The Cardiff experience of participatory governance demonstrates the importance of recognising the potential for transformative alternatives in the everyday and the small-scale. To quote colleagues, it heightens the importance of ‘the study of local practices, in ways that recognise the multiple logics at play in different conjunctures, and the spaces such ambiguities and ‘messiness’ open up for different forms of situated agency’ (Blanco et al, 2014: 3129).

You can access the report about Cardiff and the other cities here https://transgob.net/

My current research continues these themes. It is an international, eight-city study of the way cities govern and manage crises and social change, focused on the relationships between governmental and non-governmental actors. My case study city is Baltimore in the US. Exploratory research focused on the policy realms of neighbourhood revitalisation and community development. Initial findings were that the city’s ‘ed and med’ anchor institutions and its philanthropic foundations are key players in this realm along with city government. But where’s the citizen? In discussing working together, citizens/ service users/ community representatives were not generally mentioned, partnership interpreted as being between the city’s key institutions and its non-profit organisations. A government official critiqued the ‘whole infrastructure… [that] co-opts community voice and says, this is what the community wants’. However, the riots which took place in the city in April 2015 in response to police brutality and misconduct proved to be a key focusing moment. A community activist explained that ‘the unrest awakened many people’ who are ‘talking about things they’ve never talked about before’. Another commented, ‘it’s going to take courage…because these are systematic, inequitable things that are so entrenched in this city that we really have to blow this thing up and do it the right way’. Thus Baltimore seems to be at a critical juncture which has heightened collaboration and partnership in discourse – will this be reflected in practices and institutions?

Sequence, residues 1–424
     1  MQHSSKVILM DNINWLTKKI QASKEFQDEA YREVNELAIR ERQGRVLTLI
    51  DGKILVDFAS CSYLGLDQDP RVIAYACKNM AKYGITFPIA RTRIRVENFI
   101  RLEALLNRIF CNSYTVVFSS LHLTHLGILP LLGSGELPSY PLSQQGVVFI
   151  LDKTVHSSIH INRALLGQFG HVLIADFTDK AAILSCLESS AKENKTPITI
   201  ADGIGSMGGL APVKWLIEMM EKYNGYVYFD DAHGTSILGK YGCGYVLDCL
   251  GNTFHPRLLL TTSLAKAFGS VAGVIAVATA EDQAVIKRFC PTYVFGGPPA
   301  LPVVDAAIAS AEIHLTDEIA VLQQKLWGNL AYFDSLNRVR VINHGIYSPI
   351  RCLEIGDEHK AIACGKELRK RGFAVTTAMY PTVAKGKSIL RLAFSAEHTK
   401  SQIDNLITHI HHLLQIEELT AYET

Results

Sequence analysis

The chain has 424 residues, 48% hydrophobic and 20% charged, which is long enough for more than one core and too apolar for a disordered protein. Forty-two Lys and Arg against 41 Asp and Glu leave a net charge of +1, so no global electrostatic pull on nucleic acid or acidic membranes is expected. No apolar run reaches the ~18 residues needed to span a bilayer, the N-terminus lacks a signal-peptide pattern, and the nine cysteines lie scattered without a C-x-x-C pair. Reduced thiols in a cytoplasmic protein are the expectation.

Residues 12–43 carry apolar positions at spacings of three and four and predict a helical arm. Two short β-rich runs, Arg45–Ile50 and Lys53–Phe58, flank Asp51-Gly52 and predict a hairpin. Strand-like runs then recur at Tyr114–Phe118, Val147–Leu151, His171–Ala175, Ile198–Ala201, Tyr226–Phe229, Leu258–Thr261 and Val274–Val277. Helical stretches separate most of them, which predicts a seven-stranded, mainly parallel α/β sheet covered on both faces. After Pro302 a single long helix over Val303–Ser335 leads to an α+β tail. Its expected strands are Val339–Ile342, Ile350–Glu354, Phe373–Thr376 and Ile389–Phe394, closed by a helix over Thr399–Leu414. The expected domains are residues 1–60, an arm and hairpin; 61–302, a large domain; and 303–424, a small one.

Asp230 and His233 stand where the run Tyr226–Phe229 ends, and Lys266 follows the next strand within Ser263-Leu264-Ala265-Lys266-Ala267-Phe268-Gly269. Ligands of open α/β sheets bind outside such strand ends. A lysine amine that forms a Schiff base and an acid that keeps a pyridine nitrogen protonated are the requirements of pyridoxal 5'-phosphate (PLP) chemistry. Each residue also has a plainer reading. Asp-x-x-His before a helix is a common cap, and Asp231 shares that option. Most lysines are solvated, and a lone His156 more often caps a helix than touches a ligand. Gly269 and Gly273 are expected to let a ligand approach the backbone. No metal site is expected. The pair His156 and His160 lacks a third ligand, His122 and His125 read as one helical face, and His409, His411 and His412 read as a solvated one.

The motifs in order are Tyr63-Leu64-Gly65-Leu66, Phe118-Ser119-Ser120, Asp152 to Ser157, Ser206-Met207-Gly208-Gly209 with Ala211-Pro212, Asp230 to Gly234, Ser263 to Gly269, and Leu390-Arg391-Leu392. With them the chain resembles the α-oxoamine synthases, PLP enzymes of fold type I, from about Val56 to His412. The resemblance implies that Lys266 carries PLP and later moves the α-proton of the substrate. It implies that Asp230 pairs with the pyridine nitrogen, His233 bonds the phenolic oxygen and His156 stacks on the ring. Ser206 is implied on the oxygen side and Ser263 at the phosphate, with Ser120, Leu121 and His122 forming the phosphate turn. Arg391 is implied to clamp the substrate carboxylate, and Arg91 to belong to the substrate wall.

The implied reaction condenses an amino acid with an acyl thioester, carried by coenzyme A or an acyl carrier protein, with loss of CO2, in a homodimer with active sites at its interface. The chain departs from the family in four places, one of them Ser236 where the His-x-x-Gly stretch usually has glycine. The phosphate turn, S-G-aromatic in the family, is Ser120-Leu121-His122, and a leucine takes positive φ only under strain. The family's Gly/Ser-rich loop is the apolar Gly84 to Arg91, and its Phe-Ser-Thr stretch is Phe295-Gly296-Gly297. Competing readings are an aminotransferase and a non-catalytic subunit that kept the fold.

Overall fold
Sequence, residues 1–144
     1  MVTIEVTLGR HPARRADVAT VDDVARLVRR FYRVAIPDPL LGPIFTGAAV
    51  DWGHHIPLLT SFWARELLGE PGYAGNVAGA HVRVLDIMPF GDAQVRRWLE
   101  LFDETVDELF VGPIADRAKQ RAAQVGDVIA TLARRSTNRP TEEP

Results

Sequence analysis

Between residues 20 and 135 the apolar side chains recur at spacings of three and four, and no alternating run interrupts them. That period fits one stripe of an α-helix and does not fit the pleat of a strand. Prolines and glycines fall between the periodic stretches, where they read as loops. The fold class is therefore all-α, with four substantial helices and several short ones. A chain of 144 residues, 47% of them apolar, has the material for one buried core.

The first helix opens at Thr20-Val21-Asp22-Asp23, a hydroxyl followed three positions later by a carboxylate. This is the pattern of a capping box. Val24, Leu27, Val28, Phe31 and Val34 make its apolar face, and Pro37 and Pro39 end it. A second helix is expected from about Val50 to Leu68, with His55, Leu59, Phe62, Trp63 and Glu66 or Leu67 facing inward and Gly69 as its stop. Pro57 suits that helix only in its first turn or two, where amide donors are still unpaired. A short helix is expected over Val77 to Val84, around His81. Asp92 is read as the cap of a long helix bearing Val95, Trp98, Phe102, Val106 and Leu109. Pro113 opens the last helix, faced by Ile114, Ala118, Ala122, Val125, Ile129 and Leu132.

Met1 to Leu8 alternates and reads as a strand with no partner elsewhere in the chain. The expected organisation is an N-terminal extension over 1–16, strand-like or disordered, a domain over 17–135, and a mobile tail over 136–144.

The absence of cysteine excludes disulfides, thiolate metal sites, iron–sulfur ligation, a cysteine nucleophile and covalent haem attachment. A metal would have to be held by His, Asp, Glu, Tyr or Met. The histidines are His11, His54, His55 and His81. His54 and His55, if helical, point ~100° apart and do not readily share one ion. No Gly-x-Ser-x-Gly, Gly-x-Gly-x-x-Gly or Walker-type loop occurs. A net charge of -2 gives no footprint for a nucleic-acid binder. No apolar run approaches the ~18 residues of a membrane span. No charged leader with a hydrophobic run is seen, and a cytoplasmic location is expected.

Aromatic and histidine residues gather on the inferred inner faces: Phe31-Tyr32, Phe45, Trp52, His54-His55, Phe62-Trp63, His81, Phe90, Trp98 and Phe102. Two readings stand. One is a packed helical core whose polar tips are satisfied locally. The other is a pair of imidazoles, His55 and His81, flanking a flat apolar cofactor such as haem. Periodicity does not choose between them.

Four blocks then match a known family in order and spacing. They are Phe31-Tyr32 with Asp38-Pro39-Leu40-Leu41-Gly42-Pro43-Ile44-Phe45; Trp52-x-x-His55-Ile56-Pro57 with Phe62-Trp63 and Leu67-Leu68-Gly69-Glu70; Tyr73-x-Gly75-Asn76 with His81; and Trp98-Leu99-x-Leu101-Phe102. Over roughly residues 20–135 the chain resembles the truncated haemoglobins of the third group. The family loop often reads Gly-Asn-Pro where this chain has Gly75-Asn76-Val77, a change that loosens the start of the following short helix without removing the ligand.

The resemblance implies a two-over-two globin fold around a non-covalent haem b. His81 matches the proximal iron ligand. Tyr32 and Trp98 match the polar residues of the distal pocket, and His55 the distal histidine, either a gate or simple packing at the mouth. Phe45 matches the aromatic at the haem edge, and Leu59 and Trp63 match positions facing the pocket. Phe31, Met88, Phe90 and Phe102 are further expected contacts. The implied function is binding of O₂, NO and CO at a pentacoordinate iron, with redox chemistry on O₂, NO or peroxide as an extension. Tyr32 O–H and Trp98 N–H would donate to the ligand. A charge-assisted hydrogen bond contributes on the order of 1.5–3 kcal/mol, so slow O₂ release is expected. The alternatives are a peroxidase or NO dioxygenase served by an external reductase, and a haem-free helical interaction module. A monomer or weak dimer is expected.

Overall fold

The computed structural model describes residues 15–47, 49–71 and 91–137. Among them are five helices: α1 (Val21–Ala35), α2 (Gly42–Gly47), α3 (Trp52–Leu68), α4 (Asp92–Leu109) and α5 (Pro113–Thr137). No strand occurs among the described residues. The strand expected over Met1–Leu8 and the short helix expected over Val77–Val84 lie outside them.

You can access more information about this research here https://cura.our.dmu.ac.uk/2015/08/01/collaborative-governance-under-austerity-an-8-case-comparison/

I also look forward to working on Sydney – a fascinating case for urban governance research, not least given the very strong role of NSW State government; and the lack of an elected or otherwise form of metro governance. The role of the Greater Sydney Commission and how this is articulated is an area of great interest; as is the intent of state agencies such as Urban Growth NSW to establish better modes of citizen participation and governance. And the expressions of civil society and political activism, such as captured by the Sydney Alliance, also offer intriguing possibilities for shaping Sydney’s future.